“Our Boys” provides a personalized perspective on the Israel-Palestine conflict

Korbin Breeden, Staff Writer

Filmmaking is a powerful medium because of its ability to shift perspectives and narratives, share the hardships of life, and form perceptions of “the other.” “Our Boys,” the latest documentary series from HBO, provides a unique perspective on a very complex conflict. The short series released this past month depicts the tit-for-tat retaliations between local Israelis and Palestinians following two kidnappings of local teens. Highly dramatized but extremely insightful, the series provides outsiders a small glimpse of the microaggressions that make up the conflict behind massive news stories. The series begins with a backdrop of the first kidnapping of three young Israelis and the public uproar that comes alongside the tragic news of their murder in the West Bank. “Our Boys” goes on to depict the life of the local Palestinians in Jerusalem and the hardship that comes with coexisting.

The series, by and large, is a documentary that blends together real footage from 2014 and dramatized film recreations. This approach creates an especially immersive experience for the audience. Characters like Mohammed Abu Khdeir are exceptionally crafted, allowing viewers to empathize and feel connected to one of the many victims of the events in this series. The series also excels in its ability to depict life within Israel from several different perspectives, including a rare inside look at the police force operating under Israeli control.

Despite the title of the series originating as a hashtag used by the Jewish community to remember their loss in this conflict, the film is told primarily from the perspective of a Muslim family. Hagai Levi, Joseph Cedar, and Tawfik Abu Wael wanted to take on the difficult task of understanding a perspective somewhat foreign to their own. Abu Wael, the only Palestinian heavily involved with the project, spent his time getting to know the Abu Khdeir family and their traditions. Following their own personal experiences, the directors decided that they wanted to better understand the Palestinian and Muslim populations’ struggle during one of the most violent summers since the Second Intifada.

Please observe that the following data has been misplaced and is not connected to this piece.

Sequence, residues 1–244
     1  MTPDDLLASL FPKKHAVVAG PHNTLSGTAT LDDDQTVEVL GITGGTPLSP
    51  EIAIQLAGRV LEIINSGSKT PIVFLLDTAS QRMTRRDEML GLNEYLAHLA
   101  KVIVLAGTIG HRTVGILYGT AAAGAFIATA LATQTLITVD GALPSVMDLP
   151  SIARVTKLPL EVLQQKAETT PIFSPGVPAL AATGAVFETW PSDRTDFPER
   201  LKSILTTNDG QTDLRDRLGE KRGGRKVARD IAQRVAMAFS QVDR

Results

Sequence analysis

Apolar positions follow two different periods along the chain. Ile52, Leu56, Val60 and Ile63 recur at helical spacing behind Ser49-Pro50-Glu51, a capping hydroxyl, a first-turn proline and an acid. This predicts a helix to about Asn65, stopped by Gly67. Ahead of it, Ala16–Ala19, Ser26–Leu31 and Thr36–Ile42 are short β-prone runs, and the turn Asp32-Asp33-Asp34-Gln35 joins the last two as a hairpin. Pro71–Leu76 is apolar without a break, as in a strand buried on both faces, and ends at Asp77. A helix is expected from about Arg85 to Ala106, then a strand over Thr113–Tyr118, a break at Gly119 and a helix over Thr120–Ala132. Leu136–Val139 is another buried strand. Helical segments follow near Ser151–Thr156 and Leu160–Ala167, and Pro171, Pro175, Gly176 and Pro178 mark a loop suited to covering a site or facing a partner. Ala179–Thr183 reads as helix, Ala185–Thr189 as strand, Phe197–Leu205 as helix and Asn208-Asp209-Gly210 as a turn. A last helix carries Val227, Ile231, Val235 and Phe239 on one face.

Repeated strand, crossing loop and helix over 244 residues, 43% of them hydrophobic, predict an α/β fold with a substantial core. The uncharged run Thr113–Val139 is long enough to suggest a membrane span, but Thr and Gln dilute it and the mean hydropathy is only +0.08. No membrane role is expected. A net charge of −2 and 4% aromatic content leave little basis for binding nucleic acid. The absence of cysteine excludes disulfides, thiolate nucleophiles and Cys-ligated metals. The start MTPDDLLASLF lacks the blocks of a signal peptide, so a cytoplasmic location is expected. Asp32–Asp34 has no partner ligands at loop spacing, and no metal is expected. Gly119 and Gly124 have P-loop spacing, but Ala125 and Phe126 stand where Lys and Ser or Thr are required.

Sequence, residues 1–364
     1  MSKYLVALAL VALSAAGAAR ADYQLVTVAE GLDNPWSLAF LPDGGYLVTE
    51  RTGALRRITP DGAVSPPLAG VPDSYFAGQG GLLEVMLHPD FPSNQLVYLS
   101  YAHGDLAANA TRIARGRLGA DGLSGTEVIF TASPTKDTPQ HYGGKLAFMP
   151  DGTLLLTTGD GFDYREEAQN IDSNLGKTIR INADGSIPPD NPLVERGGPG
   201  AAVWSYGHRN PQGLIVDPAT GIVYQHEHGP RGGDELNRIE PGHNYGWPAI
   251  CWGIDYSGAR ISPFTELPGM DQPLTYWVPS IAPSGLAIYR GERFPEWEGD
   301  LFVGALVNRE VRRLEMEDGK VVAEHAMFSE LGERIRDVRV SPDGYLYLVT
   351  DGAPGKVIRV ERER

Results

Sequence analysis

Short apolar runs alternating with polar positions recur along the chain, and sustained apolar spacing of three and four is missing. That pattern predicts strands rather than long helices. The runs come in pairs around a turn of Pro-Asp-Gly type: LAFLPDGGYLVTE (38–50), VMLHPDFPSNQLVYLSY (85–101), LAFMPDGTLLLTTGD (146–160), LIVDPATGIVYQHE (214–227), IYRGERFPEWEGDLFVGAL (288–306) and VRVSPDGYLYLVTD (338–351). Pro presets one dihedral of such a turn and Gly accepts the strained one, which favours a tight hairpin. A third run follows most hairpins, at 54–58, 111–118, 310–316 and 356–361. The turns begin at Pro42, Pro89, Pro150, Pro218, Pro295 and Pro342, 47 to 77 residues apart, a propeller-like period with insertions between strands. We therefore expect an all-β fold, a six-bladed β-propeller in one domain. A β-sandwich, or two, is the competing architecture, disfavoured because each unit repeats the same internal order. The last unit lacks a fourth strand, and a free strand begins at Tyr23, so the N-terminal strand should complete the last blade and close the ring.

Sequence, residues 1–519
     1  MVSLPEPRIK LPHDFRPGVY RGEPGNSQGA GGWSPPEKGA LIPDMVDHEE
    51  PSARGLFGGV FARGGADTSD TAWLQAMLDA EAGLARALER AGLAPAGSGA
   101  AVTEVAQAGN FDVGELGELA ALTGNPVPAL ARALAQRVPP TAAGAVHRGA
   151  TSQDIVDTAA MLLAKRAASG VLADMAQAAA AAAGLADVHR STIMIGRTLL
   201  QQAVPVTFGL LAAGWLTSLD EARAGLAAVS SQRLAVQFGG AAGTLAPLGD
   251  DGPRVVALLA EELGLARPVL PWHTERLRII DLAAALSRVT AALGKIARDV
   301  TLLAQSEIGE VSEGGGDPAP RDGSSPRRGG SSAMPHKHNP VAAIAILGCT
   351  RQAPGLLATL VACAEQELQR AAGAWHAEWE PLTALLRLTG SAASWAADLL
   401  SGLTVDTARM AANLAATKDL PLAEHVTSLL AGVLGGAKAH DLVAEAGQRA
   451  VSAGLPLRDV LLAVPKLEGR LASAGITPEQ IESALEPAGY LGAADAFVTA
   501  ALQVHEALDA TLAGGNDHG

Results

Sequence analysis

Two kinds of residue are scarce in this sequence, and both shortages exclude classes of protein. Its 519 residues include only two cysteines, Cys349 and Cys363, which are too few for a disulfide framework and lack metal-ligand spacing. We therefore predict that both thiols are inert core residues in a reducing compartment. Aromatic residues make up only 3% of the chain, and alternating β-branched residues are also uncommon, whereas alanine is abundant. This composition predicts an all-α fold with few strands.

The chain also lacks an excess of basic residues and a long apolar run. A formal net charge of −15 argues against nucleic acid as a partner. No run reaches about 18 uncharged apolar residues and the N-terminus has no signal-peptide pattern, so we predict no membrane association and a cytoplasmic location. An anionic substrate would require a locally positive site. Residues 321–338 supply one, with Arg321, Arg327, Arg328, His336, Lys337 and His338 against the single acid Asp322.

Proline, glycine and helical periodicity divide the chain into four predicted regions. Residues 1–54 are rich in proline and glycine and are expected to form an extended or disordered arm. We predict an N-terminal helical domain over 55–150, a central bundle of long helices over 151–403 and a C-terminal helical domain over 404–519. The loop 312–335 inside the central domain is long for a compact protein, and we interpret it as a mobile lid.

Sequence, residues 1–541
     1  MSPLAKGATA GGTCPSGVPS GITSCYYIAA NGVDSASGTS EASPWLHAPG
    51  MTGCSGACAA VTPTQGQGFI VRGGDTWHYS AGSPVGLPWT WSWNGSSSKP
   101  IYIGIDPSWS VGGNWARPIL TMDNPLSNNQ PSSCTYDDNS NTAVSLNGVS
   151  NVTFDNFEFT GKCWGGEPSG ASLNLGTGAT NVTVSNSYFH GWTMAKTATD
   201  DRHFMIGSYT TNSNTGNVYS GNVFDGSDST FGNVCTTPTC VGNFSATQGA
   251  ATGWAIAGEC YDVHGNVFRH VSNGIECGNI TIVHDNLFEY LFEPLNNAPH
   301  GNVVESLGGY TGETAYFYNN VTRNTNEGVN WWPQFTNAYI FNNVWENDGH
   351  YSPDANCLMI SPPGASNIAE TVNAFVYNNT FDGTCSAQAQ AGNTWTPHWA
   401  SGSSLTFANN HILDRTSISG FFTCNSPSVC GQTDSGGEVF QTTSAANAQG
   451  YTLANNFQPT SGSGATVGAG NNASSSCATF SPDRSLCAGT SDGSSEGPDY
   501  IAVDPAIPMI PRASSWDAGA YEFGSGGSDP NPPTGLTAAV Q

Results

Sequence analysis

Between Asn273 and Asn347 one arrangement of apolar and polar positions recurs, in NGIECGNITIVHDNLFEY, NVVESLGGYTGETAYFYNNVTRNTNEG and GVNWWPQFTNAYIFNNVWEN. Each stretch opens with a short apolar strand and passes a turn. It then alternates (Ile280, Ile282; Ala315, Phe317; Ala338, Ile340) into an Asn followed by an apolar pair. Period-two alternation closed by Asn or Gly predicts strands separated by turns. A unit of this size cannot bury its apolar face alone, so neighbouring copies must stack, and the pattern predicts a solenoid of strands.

The filming is extremely dynamic and provides fantastic visuals depicting the many different locations around Jerusalem. The plot allows for viewers to see the mimetic relationship that can come with group membership, and also explores themes of familial brokenness, racial injustice, and the hardships that come with loss.

It is incredibly important to understand that this is one of many perspectives on the Israel-Palestine conflict and comes with its own biases. Former Prime Minister and current elect to the position Benyamin Netanyahu has formally blocked the documentary from being shown in Israel. In response, the directors of “Our Boys” have focused on sharing the importance of hearing from all parties involved in a conflict. Viewers should therefore see this film in hopes of learning about the conflict. At its best, “Our Boys” serves as a way for the public to begin educating themselves on the issues of prejudice in Israel-Palestine.

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